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Theoretical framework of The Children of Sex-Workers in Bangladesh

Labeling theory is closely related to social-construction and symbolic-interaction analysis (Macionis, John J.,et al, 2011). Labeling theory was developed by sociologists during the 1960s. Howard Saul Becker's book Outsiders was extremely influential in the development of this theory and its rise to popularity. Labeling theory holds that deviance is not inherent to an act, but instead focuses on the tendency of majorities to negatively label minorities or those seen as deviant from standard cultural norms. (Labeling theory: Social constructionism, Social stigma, Deinstitutionalization, George Herbert Mead, Howard S. Becker, Labeling).The theory is concerned with how the self-identity and behavior of individuals may be determined or influenced by the terms used to describe or classify them. It is associated with the concepts of self-fulfilling prophecy and stereotyping. The theory was prominent during the 1960s and 1970s, and some modified versions of the theory have developed and are still currently popular. Unwanted descriptors or categorizations - including terms related to deviance, disability or diagnosis of a mental disorder - may be rejected on the basis that they are merely "labels", often with attempts to adopt a more constructive language in its place. A stigma is defined as a powerfully negative label that changes a person's self-concept and social identity (Macionis, John J.,et al, 2011). Here researcher shows how CSW develop their behavior and self-identity as a part of social deviance where and Frank Tannenbaum’s theory of delinquent behavior and Howard Becker’s developmental career model suits. Erving Goffman’s theory of status symbols also discloses social bindings of CSW and Societal Reaction Theory of Edwin M. Lemert show the present situation of CSW.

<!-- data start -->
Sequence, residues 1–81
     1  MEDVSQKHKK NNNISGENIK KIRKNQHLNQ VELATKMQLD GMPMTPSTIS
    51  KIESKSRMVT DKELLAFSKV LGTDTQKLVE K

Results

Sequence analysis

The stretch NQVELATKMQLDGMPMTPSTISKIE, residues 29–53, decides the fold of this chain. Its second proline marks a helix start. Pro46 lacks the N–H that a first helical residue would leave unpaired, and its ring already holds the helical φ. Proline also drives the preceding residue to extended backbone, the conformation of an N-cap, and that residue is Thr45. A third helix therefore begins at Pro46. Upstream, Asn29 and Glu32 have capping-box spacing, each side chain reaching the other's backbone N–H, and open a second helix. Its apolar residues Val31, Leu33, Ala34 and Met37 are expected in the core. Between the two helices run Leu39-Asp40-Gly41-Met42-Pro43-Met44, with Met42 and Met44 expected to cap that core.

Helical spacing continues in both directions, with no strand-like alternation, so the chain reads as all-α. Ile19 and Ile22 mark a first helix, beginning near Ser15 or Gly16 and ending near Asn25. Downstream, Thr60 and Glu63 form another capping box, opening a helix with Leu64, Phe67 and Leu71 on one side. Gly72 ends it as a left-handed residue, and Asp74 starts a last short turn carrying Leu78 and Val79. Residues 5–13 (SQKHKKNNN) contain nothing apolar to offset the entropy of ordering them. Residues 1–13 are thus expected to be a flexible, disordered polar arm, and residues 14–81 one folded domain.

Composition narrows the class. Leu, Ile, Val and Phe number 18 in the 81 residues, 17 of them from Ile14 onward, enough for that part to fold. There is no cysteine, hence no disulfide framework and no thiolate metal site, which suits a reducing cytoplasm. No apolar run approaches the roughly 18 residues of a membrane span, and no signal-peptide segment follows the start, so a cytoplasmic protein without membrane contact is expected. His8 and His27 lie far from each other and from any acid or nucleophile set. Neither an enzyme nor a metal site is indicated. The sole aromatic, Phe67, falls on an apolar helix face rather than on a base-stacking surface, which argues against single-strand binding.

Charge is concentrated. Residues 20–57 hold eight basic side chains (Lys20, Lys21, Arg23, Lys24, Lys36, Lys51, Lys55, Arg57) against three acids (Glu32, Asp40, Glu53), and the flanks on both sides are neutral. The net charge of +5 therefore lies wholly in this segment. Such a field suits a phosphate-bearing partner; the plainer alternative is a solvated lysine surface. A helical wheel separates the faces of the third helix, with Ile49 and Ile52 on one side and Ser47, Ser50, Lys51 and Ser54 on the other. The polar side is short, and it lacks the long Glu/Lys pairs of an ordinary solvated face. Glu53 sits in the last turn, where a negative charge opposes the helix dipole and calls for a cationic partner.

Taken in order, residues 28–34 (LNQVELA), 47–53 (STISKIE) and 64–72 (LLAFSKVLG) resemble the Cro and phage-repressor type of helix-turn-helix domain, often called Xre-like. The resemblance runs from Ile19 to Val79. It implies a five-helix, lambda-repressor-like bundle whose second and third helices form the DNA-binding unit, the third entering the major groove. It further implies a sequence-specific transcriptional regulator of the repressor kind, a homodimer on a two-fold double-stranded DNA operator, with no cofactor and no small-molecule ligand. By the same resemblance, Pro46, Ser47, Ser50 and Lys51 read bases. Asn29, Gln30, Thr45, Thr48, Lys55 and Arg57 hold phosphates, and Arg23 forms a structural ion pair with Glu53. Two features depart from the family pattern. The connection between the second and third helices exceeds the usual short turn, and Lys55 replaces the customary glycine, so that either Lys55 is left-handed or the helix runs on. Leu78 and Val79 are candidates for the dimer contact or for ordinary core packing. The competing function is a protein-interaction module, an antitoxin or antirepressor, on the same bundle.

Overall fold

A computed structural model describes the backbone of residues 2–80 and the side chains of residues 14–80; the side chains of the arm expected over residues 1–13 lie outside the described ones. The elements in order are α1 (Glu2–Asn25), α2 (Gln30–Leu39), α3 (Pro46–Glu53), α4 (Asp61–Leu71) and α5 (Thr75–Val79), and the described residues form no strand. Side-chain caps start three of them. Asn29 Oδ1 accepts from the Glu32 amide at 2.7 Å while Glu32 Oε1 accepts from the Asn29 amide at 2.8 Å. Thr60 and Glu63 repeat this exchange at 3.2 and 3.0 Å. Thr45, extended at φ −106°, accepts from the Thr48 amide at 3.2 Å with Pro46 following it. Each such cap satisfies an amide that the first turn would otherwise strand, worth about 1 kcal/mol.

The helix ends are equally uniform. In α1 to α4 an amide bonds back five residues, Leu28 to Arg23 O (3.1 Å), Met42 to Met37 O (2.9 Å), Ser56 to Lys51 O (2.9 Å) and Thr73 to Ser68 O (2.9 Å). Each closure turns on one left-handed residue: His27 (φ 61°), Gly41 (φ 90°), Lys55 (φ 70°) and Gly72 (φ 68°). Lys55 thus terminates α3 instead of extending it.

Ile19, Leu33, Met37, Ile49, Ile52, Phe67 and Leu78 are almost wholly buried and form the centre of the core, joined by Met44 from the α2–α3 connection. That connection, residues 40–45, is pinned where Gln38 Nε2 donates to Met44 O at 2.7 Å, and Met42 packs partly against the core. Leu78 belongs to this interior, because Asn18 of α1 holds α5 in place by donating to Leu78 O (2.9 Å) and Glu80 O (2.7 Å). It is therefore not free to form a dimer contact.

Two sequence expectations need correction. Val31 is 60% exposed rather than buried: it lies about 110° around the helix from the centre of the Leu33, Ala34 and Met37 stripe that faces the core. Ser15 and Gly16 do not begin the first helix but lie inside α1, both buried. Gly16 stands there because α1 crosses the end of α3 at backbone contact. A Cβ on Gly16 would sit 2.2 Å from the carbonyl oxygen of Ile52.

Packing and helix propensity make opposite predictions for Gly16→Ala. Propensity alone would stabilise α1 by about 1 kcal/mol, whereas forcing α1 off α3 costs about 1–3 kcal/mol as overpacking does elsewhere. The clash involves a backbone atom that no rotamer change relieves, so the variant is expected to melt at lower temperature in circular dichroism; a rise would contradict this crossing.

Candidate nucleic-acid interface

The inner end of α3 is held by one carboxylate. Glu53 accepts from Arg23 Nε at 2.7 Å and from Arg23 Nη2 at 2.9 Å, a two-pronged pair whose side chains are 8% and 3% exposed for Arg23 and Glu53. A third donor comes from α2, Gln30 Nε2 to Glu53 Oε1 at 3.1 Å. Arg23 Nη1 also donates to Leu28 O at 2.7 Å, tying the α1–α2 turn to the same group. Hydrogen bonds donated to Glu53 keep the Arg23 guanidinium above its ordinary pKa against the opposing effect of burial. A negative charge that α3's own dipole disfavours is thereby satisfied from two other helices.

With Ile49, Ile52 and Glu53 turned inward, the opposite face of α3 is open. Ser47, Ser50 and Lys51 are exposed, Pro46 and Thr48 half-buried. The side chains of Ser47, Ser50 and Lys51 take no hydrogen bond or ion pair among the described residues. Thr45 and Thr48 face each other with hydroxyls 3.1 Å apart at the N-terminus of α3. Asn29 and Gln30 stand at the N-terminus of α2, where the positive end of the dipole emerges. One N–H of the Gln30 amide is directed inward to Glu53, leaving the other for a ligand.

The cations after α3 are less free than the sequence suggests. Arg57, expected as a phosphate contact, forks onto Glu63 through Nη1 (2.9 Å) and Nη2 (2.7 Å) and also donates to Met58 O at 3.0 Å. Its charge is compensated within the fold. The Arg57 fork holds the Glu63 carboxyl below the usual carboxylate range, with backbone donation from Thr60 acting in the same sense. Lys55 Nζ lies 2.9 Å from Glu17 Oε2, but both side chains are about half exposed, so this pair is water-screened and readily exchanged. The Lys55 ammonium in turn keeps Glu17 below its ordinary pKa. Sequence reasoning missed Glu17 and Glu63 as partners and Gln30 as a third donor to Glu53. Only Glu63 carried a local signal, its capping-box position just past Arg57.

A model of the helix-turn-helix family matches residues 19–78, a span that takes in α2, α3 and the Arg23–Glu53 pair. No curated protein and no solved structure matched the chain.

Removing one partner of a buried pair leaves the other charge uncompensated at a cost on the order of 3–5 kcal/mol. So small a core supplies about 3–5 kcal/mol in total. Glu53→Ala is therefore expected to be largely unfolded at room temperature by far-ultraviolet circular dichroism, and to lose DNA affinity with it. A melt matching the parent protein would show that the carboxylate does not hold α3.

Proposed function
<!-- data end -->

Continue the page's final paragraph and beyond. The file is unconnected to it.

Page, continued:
We are all familiar with this function of personality in social organization. We express it in terms of leadership or in the vague term "personality." Where an office force is organized by a good manager, we speak of his personality as playing a part. Where the action of a man in the office is more or less dependent upon his dread of a reprimand or desire for approval from the manager himself, there the element of a personal relationship of selves to each other plays a considerable part, perhaps the dominant part, in the actual social organization. It plays, of course, the dominant part in the relation of children to their parents. It is found in the relation of parents to each other (George H. Mead,1934). In this study researcher tries to find out a relation between CSW and their personality construction as a way of mainstreaming in society through Mead’s self-consciousness and their awareness or sensing or conscious realization of this fact.